But the plans for Zion quickly ran into trouble. Joseph, Sr., was suspicious of the clergy and of professing Christians. Until recently the literature on Mormonism has been polemical, and the biographies of Smith have reflected either the uncritical views of his followers or the diatribes of disaffected converts. The best complete biography is Donna Hill, Joseph Smith, the First Mormon (1977). founder of the Church of Jesus Christ of Latter-day Saints, known as the Mormon Church, Related articles in Companion to United States History on Oxford Reference, https://doi.org/10.1093/anb/9780198606697.article.0801413, Smith, Emma Hale (1804-1879), humanitarian, Cowdery, Oliver (1806-1850), Mormon leader, Boggs, Lilburn W. (1796-1860), governor of Missouri and California pioneer, Van Buren, Martin (1782-1862), eighth president of the United States, Young, Brigham (1801-1877), second president of the Church of Jesus Christ of Latter-day Saints (Mormons), first governor of Utah Territory, and colonizer. From Nauvoo Smith launched a renewed missionary effort, and converts soon came flooding in from all over the United States and parts of Europe, especially Great Britain. Through the Mormon Church Smith’s influence continues to be felt. Until then he had been a young man claiming a divine gift and a mission to translate a book. This book, Without Disclosing My True Identity--The Authorized and … The townspeople considered the book a fraud and refused to buy it. These ventures often blended quests for religious enlightenment with the exercise of magical power. During the translation Smith permitted no one to see the plates, but in June 1829, according to Harris, Cowdery, and one of the Whitmers, the angel Moroni appeared and showed them the plates, and Smith showed them to eight of his family and close friends. The printer undertook to publish it only because Martin Harris provided financial backing. When Lucy joined the Presbyterian Church around 1819, Joseph, Sr., refused to attend. Joseph Smith1805-1844. On 6 April 1830, at the Whitmers’ house in Fayette, he organized the Church of Christ, with himself and Oliver Cowdery as first and second elders. By the time he obtained the plates in 1827, he had come to focus on their contents and to put aside considerations of their value as gold. That colony, too, attracted hostility, and Smith had to flee under sentence of death, leading a migration to Nauvoo, Ill. Governor Lilburn Boggs issued an order for the Mormons to leave the state or face extermination. Although this system had to be abandoned because of the expulsion from Jackson County, Smith had become accustomed to reordering many aspects of ordinary life along religious lines. Soon after his death, Brigham Young, as president of the Twelve Apostles and a stalwart friend and defender of Smith, assumed leadership of the church and in 1846 led the Saints west in search of a new place to build Zion. All Rights Reserved. Four of his eleven children (two adopted) were living, and a fifth was to be born to Emma Smith four months later. He stood over six feet with broad chest and shoulders, light brown hair, and blue eyes.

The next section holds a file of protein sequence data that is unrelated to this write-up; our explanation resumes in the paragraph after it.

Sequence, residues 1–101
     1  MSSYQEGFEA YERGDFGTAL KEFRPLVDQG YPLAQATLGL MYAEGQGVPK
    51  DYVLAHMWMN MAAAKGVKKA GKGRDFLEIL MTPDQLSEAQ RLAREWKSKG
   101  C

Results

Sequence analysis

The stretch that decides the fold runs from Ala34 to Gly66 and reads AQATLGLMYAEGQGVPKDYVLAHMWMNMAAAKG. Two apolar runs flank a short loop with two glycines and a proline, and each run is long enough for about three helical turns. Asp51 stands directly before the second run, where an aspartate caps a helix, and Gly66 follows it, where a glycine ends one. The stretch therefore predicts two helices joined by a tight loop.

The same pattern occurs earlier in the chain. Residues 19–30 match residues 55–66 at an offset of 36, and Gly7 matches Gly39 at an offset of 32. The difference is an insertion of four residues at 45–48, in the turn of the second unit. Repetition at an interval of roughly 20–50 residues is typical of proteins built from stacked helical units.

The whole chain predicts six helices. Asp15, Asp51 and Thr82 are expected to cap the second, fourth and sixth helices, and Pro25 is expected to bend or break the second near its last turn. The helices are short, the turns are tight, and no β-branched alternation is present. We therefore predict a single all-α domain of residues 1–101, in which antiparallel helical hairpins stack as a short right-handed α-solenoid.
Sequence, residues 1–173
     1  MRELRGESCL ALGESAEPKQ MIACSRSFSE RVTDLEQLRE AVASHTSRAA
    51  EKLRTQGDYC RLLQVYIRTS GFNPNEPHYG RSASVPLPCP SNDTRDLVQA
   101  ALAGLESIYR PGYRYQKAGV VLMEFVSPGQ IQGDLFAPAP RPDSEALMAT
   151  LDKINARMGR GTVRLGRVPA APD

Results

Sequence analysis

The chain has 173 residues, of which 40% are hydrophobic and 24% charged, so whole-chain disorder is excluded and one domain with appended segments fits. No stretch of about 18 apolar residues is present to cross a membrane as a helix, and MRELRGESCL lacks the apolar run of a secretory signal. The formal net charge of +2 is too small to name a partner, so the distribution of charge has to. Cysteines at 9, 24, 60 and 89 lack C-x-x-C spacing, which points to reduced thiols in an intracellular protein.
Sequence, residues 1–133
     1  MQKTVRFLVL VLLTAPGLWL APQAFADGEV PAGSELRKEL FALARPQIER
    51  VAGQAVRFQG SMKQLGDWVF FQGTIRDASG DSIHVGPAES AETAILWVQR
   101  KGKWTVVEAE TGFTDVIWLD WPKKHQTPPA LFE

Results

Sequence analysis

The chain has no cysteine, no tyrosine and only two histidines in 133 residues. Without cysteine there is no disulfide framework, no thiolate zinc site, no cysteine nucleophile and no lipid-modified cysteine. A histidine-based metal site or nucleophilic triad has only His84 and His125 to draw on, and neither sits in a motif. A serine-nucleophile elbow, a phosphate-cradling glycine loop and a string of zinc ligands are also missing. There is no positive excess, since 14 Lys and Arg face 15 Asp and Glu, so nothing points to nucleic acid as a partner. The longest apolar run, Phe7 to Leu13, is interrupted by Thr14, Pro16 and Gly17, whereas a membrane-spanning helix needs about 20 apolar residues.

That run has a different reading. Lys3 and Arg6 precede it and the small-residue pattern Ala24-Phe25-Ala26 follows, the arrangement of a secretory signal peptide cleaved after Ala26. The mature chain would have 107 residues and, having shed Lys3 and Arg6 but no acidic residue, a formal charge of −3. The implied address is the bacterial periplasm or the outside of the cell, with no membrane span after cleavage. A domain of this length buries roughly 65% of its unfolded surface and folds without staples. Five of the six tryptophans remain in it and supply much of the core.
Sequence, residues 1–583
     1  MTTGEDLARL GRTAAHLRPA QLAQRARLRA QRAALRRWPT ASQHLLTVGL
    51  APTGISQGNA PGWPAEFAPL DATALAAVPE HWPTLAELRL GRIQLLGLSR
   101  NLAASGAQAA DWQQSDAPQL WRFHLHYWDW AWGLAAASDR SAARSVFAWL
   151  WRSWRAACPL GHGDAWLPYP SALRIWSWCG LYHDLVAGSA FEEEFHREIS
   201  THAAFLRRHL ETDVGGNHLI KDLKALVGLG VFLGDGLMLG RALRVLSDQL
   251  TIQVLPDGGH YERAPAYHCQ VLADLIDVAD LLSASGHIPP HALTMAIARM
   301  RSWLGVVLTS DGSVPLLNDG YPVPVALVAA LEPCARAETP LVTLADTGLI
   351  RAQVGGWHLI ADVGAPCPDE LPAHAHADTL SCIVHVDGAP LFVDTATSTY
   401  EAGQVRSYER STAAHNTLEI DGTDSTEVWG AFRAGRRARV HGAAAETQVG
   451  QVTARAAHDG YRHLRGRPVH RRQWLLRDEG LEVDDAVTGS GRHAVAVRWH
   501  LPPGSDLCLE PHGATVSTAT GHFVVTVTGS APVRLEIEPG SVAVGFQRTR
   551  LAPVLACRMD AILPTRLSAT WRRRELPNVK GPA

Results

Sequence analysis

He ultimately submitted to arrest and was taken to Carthage, the nearby county seat, under the governor’s protection. Smith had plans for another temple in Caldwell County at the Mormon settlement of Far West, Missouri, but these ambitions were never realized. In the summer and fall of 1838, pitched battles broke out between the Missourians and the Mormons, claiming lives on both sides. Increasing criticism over his inept management of Kirtland's financial affairs caused Smith to rejoin his Missouri followers. Smith was instructed to obtain the record and translate it in preparation for the restoration of Israel and the return of Christ. Smith claimed to lead the church, as he had translated the Book of Mormon, by direct revelation.